They’re coming out of the woodwork, scurrying like cockroaches when you turn on the lights in a New York City apartment.
I didn’t remember them all retiring, now here they are, coming back to foul the waters once again. Just as Lennox Lewis walks away, and maybe because he did, suddenly former champions are lining up to make more money.
One week later, Lewis is looking better already. When he turns 55, I believe it is safe to say he won’t be clamoring for one more fight. George Foreman, who quit announcing for HBO, a job that entailed showing up the day before a fight and, the way he handled it, doing no homework, saying he wanted to spend more time with the family.
The sweat isn’t dry on Lewis’s jockstrap and Foreman wants to fight again.
Go away, George, please. Isn’t there a kid somewhere who needs some preaching?
Mike Tyson didn’t need Lewis’s departure as an incentive, not when the word ”” and don’t believe everything you read in depositions ”” is that he was down to around his last $6,000. At least Mike doesn’t want to fight; he has to.
Sorry, Tyson couldn’t get a job as a commentator to replace either Foreman at HBO or Max Kellerman on ESPN. He’s overqualified. He "knows" boxing. Plus, he’s a fascinating talker. He might make Al Bernstein or Teddy Atlas sound exciting.
Foreman and Tyson are not alone. Two other heavyweight chumps want to come back. I can understand why Riddick Bowe does. He’s in prison, but he’ll be getting out this summer and wants to resume fighting. The other chump shouldn’t be allowed anywhere near a ring. That’s Bruce Seldon, who’s been gone for seven years ”” I think there are laws against what he did with a young girl ”” and when he was around, he was a disgrace to the game.
What’s he want? A rematch with Tyson? You remember their first meeting, when Seldon ”” who had the WBA title he won from a faded Tony Tucker beneath another great heavyweight "title" bout that evening in 1995 (Oliver McCall hanging on to outpoint an aging Holmes).
Against Tyson, Seldon was so frightened, he went down from the first punch that came close. It went sailing over his head in the opening round. Maybe it grazed Seldon’s hair. The joke was that "The Atlantic City Express" had glass follicles. The game plan is obviously another ripoff. Win a couple of bouts against the guys a Sean the Shovel can dig up, then qualify for a decent payday against a Joe Mesi somewhere.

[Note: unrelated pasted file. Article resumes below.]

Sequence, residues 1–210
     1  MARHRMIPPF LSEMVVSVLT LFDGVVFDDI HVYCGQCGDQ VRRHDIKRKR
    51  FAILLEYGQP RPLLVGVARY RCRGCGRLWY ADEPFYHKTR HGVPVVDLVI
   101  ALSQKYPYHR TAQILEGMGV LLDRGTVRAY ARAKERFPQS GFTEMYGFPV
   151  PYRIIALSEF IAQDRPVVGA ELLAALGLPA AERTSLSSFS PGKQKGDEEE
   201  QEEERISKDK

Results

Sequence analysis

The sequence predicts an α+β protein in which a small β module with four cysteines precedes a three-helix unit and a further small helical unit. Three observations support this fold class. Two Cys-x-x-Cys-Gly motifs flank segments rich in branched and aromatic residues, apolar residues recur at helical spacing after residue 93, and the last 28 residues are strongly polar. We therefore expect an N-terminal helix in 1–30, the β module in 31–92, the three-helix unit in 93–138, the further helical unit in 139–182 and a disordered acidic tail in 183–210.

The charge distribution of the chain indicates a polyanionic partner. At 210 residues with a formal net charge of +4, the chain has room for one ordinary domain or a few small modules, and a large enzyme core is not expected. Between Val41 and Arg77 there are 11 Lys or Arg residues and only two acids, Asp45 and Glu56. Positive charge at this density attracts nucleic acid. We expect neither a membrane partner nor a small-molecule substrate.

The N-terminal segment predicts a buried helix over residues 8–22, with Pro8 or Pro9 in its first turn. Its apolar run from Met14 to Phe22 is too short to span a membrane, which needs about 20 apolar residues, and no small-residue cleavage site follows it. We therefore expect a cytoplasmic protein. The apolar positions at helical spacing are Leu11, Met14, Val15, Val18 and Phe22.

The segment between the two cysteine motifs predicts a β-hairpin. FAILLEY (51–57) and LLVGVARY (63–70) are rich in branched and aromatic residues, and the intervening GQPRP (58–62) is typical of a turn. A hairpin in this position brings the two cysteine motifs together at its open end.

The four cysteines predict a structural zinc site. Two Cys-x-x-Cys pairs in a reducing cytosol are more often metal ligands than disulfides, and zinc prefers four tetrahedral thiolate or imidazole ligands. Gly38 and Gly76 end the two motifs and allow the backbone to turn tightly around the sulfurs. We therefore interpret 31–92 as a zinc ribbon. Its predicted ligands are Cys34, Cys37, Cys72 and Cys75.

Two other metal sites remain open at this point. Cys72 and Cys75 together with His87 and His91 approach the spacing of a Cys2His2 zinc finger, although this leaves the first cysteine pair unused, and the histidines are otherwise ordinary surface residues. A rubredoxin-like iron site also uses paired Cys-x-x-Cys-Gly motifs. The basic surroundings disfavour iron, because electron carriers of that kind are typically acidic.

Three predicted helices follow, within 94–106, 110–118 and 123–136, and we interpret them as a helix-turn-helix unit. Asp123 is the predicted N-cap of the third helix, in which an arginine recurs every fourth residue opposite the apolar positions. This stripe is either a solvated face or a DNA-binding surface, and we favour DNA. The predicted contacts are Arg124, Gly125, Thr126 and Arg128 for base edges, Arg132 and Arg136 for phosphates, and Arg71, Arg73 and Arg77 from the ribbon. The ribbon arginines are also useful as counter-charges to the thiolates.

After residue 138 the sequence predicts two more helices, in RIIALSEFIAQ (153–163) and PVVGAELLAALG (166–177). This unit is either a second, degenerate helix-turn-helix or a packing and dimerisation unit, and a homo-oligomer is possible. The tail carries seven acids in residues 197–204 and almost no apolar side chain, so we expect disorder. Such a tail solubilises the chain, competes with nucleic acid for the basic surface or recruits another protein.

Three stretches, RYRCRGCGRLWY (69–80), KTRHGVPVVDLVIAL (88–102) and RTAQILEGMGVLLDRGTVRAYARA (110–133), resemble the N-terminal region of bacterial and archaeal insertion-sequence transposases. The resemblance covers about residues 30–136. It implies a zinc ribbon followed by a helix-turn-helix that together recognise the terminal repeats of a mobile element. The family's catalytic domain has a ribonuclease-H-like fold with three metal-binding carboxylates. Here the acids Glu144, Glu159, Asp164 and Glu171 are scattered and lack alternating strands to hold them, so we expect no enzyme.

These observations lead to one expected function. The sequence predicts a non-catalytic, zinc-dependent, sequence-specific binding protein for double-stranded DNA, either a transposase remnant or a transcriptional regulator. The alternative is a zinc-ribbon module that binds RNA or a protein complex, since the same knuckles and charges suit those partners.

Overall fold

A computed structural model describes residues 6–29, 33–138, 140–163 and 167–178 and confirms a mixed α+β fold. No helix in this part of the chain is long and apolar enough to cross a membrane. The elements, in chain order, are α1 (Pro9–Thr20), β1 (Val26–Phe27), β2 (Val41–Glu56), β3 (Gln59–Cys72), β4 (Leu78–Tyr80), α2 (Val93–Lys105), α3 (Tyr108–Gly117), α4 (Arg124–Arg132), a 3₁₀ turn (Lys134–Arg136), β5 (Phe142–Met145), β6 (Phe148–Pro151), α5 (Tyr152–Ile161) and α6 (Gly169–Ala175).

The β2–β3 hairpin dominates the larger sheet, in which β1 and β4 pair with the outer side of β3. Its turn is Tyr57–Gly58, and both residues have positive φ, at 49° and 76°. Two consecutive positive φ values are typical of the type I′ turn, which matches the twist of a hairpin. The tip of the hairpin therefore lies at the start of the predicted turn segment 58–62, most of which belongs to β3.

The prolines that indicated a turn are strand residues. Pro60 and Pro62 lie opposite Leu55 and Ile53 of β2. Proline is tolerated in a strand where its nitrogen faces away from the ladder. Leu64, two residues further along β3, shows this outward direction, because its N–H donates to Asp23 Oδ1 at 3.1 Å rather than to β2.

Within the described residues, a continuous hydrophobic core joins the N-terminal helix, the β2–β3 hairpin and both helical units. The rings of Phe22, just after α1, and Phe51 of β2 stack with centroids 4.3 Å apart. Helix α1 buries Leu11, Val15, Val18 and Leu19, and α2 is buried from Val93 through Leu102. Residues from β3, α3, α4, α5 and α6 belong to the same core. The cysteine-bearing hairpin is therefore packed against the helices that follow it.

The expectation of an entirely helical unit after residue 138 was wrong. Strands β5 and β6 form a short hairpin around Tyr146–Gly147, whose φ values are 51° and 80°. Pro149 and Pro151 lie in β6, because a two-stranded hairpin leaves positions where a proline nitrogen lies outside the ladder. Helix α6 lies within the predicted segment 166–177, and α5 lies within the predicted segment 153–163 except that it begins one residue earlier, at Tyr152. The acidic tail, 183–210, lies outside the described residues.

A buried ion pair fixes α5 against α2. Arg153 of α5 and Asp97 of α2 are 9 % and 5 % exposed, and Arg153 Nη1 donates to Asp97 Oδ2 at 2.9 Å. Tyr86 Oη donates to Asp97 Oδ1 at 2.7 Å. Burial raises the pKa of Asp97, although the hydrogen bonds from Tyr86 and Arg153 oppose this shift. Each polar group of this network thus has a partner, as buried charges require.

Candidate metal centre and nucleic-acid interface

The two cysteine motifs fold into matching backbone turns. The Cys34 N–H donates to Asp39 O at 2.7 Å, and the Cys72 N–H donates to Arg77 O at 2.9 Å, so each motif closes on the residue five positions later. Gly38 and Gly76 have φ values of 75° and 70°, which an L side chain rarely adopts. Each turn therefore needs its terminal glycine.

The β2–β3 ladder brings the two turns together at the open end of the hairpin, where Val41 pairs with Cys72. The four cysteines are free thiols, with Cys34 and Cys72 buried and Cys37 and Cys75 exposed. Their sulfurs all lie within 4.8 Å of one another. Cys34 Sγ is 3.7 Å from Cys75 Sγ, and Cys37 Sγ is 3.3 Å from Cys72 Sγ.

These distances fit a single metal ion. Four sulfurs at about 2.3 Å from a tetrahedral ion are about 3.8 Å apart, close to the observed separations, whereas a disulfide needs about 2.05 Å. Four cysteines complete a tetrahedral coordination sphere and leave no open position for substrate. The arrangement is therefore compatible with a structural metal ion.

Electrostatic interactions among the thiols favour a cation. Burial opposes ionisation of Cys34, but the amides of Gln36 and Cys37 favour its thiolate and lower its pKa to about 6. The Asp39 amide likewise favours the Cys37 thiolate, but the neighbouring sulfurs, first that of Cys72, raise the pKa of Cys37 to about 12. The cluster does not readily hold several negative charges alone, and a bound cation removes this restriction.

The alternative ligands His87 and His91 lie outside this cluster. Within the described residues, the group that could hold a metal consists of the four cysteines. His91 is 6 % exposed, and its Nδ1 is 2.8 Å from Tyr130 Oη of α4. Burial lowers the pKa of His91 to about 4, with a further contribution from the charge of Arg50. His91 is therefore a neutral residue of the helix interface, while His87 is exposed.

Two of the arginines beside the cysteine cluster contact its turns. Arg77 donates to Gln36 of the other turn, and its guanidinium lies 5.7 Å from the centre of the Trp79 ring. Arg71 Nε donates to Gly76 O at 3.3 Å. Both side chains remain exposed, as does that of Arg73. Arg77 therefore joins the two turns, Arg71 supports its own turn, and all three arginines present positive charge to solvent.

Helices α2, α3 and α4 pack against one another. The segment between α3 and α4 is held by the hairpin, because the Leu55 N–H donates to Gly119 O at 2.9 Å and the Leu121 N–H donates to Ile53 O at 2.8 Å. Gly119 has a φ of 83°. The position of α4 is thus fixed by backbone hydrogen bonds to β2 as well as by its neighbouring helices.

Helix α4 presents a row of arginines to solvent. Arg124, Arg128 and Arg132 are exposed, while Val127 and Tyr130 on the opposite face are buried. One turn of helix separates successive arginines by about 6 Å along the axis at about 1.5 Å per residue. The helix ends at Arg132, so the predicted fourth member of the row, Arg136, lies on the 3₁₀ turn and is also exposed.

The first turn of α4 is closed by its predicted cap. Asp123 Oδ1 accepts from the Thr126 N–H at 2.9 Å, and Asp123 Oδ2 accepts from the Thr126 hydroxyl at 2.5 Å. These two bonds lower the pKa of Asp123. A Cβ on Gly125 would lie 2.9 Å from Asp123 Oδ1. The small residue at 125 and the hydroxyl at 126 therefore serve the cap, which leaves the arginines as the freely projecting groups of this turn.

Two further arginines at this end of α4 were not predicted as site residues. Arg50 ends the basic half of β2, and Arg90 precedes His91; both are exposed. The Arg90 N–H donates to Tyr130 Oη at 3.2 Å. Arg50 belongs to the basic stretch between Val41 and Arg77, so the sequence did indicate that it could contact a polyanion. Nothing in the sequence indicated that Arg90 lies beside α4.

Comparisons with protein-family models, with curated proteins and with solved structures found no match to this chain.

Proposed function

But the worst is not with the heavyweights. They had a press conference the other day for a fight that, if it happens May 27 in Mexico City, boxing should be banned completely after boiling the principals involved in their own grease.
Are you ready for Julio Cesar Chavez-Frankie Randall III?
Randall, one of my least favorite personalities, is 42 and has lost seven of his last 10. He is a walking minefield. Chavez, who was way past it when losing to Randall 10 years ago, is a spritely 41.
So there they were, in Mexico City, surrounded by the Twin Towers of Turpitude (and Arum makes three), Don King and Jose Sulaiman. That the WBC, and Sulaiman, would allow this dangerous travesty to happen in their backyard is just another sign that organization should be banned from the United States.
And so should King. The New Jersey gaming commission ”” not Hap Hazzard, that state’s commissioner ”” has ruled King off limits in Atlantic City. Let the rest of the world follow. Let his good buddy, George W., send him to Mars, where it is understood the President thinks there is much oil. Chavez and Randall III. Ridiculous.
Even in Mexico, King will wrap himself in a flag and proclaim what a nice guy he is, coming to Julio’s aid after all those things Chavez tried to pin on him years ago, after Chavez left him for Arum of all people. Don is forgiving.
The rest of us should not. This is the worst type of exploitation possible. You want to help Julio, Don? Give him a squeegie. Randall, as far as I’m concerned, can be fed to other dogs. Quick history: I never spoke to the Surgeon, yet in 1994, while out sick, I asked my good buddy Pat Putnam of Sports Illustrated to bet on Randall against Chavez. He thought I was nuts. He cashed the ticket, anyway. I wasn’t well enough for the rematch, a few months later, but I told Putnam, never mind, there’s no way in hell Randall would be allowed to win this time.
In case you forgot, he was beating the crap out of Chavez when Julio quit because of a head cut that was not deemed bad enough to warrant a stoppage by Dr. Flip Homansky. Quickly, though, it was ruled that Randall caused the bleeding and a point, under Sulaiman”˜s favorite WBC rule, was deducted from Randall and Chavez wound up winning a technical decision.
Naturally, I railed against the injustice. So it was a shock when I showed up for Randall”˜s next bout. He was going to be given a chance to pick up a minor title against Juan Coggi on one of those King marathons (headlined by the sick matchup of Chavez and Meldrick Taylor, four years too late). I wanted to do a story on Randall, the poor guy buried in the prelims while the guy he beat was treated like a headliner.
I was told by Aaron Snowell, his trainer, the Surgeon was out, wouldn’t speak to me. Obviously, it was the work of Carl King, Randall’s manager, but I have never forgiven the fighter. On second thought, let him fight.